Criticism

The thing with criticism is that it isn’t always a bad thing. There’s the type of constructive criticism that gives you advice on how to improve your work, then there’s the type of useless criticism that gives you advice on how to change your style of writing altogether. The latter’s just a waste of time. NEVER change your style of writing. The style is what individualizes you. It’s what makes your work yours. When you change your style of writing, you run the risk–one that would be really stupid to take–of losing something that could have made you stand out.

Do not let a single person’s negative criticism bring you down. A single person’s opinion is not the rest of the world’s opinion. There have been a lot of now famous authors whose works were rejected by publishers. There’s Stephen King, who received more than one rejection for “Carrie.” According to one of the publishers who did not accept what Stephen King had to give, “We are not interested in science fiction which deals with negative utopias. They do not sell.” That publisher must have experienced a great deal of regret when Stephen King’s book did sell…over a million copies. J.K. Rowling, too, had her share of rejections. Bloomsbury only accepted her manuscript because of the CEO’s eight-year old daughter.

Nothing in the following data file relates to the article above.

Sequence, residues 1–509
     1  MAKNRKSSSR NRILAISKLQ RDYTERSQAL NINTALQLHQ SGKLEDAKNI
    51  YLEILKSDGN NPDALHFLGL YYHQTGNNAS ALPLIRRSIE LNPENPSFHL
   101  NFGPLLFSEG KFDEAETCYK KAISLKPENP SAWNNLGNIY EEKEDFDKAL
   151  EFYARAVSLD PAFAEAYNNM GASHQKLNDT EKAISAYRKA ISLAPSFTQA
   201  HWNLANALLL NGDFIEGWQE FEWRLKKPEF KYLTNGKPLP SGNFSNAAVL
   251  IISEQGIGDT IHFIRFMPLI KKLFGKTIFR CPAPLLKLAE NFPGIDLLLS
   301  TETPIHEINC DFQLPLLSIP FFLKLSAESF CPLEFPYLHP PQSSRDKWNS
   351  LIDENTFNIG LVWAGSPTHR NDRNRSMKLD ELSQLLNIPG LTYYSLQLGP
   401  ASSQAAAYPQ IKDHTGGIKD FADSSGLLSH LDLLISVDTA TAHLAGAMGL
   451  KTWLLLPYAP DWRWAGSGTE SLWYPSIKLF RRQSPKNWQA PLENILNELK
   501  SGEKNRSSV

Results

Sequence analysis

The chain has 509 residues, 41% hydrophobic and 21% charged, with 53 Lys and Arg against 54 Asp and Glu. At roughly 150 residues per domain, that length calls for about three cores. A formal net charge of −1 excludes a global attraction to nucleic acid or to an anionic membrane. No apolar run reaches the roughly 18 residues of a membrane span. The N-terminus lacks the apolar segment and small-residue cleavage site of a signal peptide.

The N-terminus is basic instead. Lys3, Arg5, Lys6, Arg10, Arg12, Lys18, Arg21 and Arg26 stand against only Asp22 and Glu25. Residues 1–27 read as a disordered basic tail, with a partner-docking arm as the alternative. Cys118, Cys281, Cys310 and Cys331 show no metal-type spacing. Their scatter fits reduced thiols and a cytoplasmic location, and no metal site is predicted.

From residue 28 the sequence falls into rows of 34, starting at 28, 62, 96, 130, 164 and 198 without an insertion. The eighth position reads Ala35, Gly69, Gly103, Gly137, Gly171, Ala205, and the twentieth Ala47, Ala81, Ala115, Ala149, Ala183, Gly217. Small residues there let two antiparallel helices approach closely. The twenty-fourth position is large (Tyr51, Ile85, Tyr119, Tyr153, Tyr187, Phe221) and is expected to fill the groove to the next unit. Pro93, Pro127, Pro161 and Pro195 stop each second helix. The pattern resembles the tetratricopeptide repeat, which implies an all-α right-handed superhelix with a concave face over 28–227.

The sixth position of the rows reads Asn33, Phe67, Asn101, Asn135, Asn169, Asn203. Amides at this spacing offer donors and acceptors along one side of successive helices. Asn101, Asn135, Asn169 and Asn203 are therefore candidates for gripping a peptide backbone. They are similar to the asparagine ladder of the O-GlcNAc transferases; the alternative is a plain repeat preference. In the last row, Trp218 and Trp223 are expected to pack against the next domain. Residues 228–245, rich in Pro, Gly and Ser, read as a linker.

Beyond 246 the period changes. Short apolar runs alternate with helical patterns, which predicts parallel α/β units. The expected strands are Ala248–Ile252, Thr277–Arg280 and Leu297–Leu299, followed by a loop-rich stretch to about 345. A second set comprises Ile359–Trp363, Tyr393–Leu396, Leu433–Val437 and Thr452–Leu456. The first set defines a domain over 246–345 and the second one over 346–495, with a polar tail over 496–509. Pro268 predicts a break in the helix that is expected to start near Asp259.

Thing is, the negative criticisms shouldn’t matter. Just because a dozen people don’t like your work doesn’t mean you’re not a talented writer. That doesn’t mean there’s something wrong with your style. It just means that they don’t like your work. Simple as that. Criticisms that were made to bring you down are only opinions of people who don’t truly have the power to say that the whole world will hate your story. They’re entitled to their opinions, and you’re entitled to reject them as they’ve rejected you. They do not rule you, nor should you let them.

You can forget all the 320 words I’ve typed down before this, but pay attention to what I will type next:

Remember the positive criticisms, for they will make you smile when you begin to doubt your skill. Ignore the negative criticisms, for they are not worth the depression.

Fight for your story, especially when no one else is there by you to fight for it. When people see how much determination you put in making them see what you see in your story, they will move over to your side. If they see something worth fighting for, they will fight for it.

Go out there and make them see why your work, your style, is worth fighting for.

Advertisements

Leave a comment

Filed under Journal

Leave a Reply

Fill in your details below or click an icon to log in:

WordPress.com Logo

You are commenting using your WordPress.com account. Log Out /  Change )

Google+ photo

You are commenting using your Google+ account. Log Out /  Change )

Twitter picture

You are commenting using your Twitter account. Log Out /  Change )

Facebook photo

You are commenting using your Facebook account. Log Out /  Change )

Connecting to %s